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Real Estate Reporter
April 28, 2016
Kevin Cavenaugh has a bone to pick with the ways new projects gets funded.
The Portland developer has a background in architecture and said one of his goals is to make visually striking structures. But he said the requirements of institutional investors often limit what he can do.
So Cavenaugh is trying something new with his latest project: He wants to raise $1.5 million from individuals — and not just high net worth people.
Cavenaugh's firm, Guerrilla Development Co., is planning a six-story, 56,000-square-foot office project called Fair-Haired Dumbbell just east of the Burnside Bridge in Portland. The complex will have two structures that flare out with skybridges in between, so it will kind of resemble a dumbbell. What about the "fair-haired" part? Cavenaugh will only say, "It's kind of a secret."
Crowdfunding is starting to be used for real estate projects, but generally the focus is on accredited investors — people with a net worth of at least $1 million or an annual income over $200,000.
For example, McMenamins used crowdfunding from accredited investors to pay for about a quarter of the $26 million it needed to renovate Anderson School in Bothell.
Cavenaugh said he could do Fair-Haired Dumbbell without crowdfunding. He said he already has all the financing lined up — including $2.5 million in traditional equity — for the more than $16 million project. If he reaches his crowdfunding goal, he'll use that money to replace some of the traditional equity.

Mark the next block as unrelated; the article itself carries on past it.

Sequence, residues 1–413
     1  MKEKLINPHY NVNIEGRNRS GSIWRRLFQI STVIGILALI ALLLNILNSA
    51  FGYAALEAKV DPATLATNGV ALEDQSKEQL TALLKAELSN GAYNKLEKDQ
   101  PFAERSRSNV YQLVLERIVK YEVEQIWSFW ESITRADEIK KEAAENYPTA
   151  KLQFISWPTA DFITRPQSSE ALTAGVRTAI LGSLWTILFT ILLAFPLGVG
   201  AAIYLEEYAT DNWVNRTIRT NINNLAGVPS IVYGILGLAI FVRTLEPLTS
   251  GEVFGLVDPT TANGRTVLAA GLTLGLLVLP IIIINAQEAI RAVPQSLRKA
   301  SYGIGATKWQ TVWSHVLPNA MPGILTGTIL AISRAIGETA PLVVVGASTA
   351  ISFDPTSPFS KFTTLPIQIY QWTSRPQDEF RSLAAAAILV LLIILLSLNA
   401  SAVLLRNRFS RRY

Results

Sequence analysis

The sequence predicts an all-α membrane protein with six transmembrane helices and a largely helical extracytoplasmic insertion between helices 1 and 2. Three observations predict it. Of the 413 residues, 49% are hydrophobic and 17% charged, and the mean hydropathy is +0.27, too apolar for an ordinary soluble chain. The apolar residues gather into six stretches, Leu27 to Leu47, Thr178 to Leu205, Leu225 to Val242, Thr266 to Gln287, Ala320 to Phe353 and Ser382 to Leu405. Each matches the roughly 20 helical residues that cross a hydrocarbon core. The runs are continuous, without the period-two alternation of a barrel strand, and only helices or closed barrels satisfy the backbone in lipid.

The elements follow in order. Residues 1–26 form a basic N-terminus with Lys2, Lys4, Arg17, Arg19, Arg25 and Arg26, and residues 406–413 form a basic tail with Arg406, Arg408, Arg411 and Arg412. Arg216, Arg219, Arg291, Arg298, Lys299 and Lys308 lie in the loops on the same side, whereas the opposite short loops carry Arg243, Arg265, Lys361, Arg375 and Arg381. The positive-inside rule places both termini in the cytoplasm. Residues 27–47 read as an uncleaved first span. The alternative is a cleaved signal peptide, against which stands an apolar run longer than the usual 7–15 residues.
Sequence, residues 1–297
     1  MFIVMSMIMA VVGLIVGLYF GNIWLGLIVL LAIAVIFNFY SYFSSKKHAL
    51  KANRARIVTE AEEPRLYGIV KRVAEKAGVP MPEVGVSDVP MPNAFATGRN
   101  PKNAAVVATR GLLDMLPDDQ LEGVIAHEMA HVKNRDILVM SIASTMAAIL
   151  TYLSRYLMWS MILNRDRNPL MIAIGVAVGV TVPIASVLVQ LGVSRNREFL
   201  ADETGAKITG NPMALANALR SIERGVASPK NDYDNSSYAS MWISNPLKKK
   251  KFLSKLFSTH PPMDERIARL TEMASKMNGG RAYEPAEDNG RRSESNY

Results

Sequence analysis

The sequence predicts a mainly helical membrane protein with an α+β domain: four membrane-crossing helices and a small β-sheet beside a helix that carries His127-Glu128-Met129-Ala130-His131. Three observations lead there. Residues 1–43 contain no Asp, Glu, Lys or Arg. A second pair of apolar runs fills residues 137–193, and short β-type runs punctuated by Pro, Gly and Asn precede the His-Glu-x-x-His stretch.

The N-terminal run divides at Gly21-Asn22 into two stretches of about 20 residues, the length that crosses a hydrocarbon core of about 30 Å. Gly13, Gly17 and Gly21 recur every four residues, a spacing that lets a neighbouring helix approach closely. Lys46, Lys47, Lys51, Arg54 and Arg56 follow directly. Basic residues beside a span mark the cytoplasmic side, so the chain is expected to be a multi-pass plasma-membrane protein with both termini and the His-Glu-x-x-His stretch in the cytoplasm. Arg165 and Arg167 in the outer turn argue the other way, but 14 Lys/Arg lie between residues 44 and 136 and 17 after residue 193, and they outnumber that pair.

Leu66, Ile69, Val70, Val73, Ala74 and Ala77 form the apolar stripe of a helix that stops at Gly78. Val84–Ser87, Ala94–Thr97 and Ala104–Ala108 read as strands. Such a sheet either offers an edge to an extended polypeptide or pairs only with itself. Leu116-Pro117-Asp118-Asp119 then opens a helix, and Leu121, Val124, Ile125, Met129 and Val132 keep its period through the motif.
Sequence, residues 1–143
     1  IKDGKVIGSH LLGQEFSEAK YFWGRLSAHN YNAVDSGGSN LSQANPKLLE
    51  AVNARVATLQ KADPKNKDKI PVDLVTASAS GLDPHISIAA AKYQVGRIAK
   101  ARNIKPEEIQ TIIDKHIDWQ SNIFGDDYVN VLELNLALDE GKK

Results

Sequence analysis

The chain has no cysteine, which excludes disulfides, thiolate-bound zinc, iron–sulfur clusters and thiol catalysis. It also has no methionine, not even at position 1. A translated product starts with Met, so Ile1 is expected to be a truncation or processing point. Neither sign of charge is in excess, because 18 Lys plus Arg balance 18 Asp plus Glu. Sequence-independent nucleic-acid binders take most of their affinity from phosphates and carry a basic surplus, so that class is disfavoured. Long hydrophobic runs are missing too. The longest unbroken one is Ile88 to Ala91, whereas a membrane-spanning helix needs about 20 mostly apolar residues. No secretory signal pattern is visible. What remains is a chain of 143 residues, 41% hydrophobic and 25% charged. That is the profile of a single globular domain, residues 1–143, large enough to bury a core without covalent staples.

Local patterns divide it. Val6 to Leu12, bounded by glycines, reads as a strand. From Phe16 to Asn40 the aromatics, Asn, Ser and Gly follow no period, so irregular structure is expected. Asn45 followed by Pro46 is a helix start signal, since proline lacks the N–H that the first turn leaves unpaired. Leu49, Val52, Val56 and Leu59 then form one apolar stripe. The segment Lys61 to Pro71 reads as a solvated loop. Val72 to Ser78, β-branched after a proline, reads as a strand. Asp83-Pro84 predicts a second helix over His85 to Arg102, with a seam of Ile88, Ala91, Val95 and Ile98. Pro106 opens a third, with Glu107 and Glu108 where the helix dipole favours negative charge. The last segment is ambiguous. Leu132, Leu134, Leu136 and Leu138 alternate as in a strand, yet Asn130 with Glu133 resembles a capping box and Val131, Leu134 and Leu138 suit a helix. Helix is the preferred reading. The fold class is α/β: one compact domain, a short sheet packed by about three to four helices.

“I don't need crowdfunding to make (the project) happen,” Cavenaugh said, “but I really want it because it has the ability to dilute the voice of big banks and institutional investors in real estate development.”
Guerrilla Development has set a minimum investment of $3,000 through a portal on its website. As of last week, Cavenaugh said he has raised about $130,000, which is less than what he'd expected by now. He said he underestimated how long it would take people to vet the project before investing. About 115 people have signed up through the online investment portal, but only 12 have committed money so far.
People in Oregon, Washington, California, Virginia, Massachusetts and Washington, D.C., can invest in his project under the current Securities and Exchange Commission rules.
Fair-Haired Dumbbell will break ground May 15, Cavenaugh said, with or without the crowdfunding money. It will take about eight months to build, and is about 44 percent preleased.
Cavenaugh considers himself a contrarian when it comes to real estate. A lot of tall residential buildings are going up near his site, so he went for a small office building. He found the cardboard models of his project looked dull, so he added some Florentine wrapping paper just for fun. Then he and a colleague realized they wanted that kind of look on the actual building.
“I want cars to slowly roll into each other on Burnside because they are looking at the building rather than the road,” Cavenaugh said.